CODE Travel Guide: Osaka and Fukuoka

Published 25 January 2015

The typical visitor to Japan might venture to Tokyo and Kyoto, but fewer will explore the cities of Osaka and Fukuoka. We recommend spending a couple of days in both, particularly as they are easily accessible by the Shinkansen railway. 

The country’s third-largest city, Osaka, is only a 30-minute train journey from Kyoto and is famous for good eating, hence why it is known as ‘Japan’s kitchen’. The phrase kuidaore – eat until you drop – articulates this city’s love of food. At night, the Dotombori area is famous for its neon lights. 

Fukuoka is Kyushu island’s largest city, a dynamic metropolis boasting a history of fine food and hospitality. Furthermore, its proximity to the Asian mainland means it is now recognised as a gateway to Asia.

Accommodation | ホテル

With the Style hotel, Fukuoka

St Regis | Osaka
3-6-12 Honmachi, Chuo Ward, Osaka,
Osaka Prefecture 541-0053

The St Regis Osaka is conveniently located on Midosuji Avenue, Osaka’s Champs Elysées. A grand western hotel with large rooms and bathrooms, it is well-positioned for the Shinkansen above Honmachi station. The bar serves a ‘shogun mary’, a local take on the bloody mary, containing wasabi and yuzu.


With the Style | Fukuoka
1-9-18 Hakataekiminami, Hakata Ward, Fukuoka, 812-0016

Don’t let the name put you off: this centrally located hotel has just 16 bedrooms, all overlooking the central courtyard. They and the pool confer a very intimate feel on With the Style, whilst the restaurant and bar are equally star attractions.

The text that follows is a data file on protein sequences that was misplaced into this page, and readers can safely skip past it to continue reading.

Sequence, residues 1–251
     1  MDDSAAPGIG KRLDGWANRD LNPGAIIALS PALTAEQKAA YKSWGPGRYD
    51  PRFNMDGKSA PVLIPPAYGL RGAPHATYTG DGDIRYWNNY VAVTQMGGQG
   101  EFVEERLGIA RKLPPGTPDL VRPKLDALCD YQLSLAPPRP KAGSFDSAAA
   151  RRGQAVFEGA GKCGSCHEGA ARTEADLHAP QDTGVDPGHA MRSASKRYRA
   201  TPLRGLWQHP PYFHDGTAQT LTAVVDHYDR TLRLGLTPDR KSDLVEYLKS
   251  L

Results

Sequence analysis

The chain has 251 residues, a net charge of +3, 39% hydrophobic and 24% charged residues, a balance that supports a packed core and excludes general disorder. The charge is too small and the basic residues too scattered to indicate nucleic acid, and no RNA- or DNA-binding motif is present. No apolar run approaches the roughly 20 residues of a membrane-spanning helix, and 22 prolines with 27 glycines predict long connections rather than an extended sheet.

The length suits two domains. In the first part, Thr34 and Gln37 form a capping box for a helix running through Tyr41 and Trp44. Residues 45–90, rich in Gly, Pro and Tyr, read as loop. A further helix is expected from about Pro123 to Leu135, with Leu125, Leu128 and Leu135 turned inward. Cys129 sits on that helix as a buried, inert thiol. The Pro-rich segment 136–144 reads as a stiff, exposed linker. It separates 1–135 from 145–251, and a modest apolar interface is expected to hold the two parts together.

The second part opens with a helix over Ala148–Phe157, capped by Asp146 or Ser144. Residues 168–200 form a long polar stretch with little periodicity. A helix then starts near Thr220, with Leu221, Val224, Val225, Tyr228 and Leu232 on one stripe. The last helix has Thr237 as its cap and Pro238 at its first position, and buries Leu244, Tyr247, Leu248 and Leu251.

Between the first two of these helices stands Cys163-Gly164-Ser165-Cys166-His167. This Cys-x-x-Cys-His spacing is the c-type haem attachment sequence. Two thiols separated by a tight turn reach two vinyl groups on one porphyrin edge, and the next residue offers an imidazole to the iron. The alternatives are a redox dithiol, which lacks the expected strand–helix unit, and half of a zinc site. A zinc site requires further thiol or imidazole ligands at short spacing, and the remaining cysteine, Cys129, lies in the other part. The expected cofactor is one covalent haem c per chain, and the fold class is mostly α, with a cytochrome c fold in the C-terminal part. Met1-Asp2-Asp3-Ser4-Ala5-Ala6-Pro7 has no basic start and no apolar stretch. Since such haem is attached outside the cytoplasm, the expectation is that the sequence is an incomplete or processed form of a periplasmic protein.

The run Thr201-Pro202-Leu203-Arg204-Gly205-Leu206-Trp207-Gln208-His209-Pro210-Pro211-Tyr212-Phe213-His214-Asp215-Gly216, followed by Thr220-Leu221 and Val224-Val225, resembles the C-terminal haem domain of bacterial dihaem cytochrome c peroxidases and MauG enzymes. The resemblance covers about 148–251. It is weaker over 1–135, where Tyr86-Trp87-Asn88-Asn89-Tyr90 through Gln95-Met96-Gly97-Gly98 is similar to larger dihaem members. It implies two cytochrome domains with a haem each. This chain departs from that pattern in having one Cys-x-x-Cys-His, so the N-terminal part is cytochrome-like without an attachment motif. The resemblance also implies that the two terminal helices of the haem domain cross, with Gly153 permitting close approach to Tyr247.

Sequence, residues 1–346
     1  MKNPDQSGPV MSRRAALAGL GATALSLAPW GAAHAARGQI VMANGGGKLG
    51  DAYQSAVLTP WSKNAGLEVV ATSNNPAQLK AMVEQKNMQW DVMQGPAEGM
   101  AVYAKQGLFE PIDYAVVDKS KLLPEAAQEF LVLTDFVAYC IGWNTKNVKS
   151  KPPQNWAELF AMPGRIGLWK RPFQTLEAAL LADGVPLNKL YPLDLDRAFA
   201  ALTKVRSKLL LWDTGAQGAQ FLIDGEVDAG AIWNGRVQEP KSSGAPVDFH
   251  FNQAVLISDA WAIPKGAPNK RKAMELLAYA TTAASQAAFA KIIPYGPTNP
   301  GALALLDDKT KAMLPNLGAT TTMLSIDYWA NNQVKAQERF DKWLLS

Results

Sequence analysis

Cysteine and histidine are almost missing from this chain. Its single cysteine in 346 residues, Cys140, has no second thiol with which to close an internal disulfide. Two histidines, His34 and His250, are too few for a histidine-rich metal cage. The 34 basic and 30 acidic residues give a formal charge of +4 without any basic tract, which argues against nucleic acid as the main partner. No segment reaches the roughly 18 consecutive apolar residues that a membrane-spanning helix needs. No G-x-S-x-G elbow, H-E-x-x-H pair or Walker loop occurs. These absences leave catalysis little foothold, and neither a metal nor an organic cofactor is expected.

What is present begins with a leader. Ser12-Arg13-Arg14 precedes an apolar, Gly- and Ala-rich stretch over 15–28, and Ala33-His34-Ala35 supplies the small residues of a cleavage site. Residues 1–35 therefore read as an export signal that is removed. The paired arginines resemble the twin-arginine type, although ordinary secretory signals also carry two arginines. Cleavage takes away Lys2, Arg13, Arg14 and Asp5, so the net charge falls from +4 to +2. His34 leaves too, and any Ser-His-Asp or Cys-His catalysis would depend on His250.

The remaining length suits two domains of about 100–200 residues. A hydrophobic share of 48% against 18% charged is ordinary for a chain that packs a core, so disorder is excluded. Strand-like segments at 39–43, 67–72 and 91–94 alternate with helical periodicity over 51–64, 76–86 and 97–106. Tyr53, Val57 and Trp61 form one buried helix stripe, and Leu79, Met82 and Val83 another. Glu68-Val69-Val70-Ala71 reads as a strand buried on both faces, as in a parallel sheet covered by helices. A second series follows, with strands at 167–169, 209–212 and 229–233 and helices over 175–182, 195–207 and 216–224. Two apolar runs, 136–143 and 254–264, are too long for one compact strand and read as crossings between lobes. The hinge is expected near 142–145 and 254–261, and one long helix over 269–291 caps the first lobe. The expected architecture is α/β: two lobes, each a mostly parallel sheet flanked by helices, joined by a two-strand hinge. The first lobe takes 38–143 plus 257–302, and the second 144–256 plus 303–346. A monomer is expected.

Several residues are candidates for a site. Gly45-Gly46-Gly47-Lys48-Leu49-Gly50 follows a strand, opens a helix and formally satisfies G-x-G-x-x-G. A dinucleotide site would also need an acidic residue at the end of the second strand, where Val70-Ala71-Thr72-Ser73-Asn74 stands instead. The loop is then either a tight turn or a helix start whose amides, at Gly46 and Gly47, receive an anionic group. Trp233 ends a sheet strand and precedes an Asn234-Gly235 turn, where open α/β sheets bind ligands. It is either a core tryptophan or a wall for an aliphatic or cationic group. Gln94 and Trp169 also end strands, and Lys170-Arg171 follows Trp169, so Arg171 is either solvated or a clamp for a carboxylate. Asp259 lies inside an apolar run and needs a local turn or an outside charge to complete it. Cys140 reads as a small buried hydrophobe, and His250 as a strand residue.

Restaurants | レストラン

Osaka is all about the street-food snack takoyaki and okonomiyaki, a cross between an omelette and a pancake, topped with with meat or seafood. As in any Japanese city, you can eat well at both exquisite Michelin-starred restaurants and tiny street carts. Fukuoka specialises in hakata ramen; the famous dish of noodles in tonkotsu soup finds its home here.

Yatai, Fukuoka

Bird | Osaka
4-1-16 Midori Tsurumi-Ku, Osaka 538-0054

Bird, a 25-minute taxi journey from downtown Osaka, is part of the renowned Japanese furniture brand, Truck. This is a mini campus of design and funk, and furnishings in the cafe opposite come from Truck’s showroom. The food is European with Japanese accents, similar to Beard in Tokyo. Try a homemade doughnut from the conveyor belt-style machine.


Nagahama Yatai | Fukuoka

Yatai – open-air food stalls – are the true taste of Fukuoka. The most authentic remain in the Nagahama district, near the docks. Each stall fits seven or eight people, and the concept resembles Spanish tapas bars, as you eat a few dishes in one before heading to the next. The clientele ranges from local fishermen to suited salary men, however don’t expect anyone to speak much English.

Bars | カクテルバ

Bar K | Osaka
1-3-3 Sonezakishinchi, Kita Ward, Osaka 30-0002

Although it’s in the heart of Osaka, Bar K is not easy to find. It has been voted one of the 50 best bars in the world and features an impressive whisky selection.


Dark Room | Fukuoka
3 Chome-4-15 Tenjin, Chuo Ward, Fukuoka 810-0001

This under-the-radar urban rock oasis is a fixture on the Oyafuki-dori scene. It is an izakaya with an industrial aesthetic, known for showcasing some of the city’s best DJs. In summer, they open a rooftop beer garden.

Shopping | ショッピング

Truck | Osaka
6-8-48 Shinmori Ashaki-ku, Osaka, 535-0022

Tokuhiko Kise and Hiromi Karatsu opened Truck in 1997. The first-floor showroom, a delight to both professional and amateur designers, sits above the workroom. Furthermore, they also offer accessories including the Truck Catalogue. Additionally, bird, their cafe, is across the road.

Suzukake | Fukuoka
1-1 Hakataekichuogai, Hakata Ward, Fukuoka

Confectioner Suzukake is famous for its Japanese sweets, wagashi. The flagship store, in the Kami-Kawabata area, includes a tearoom.


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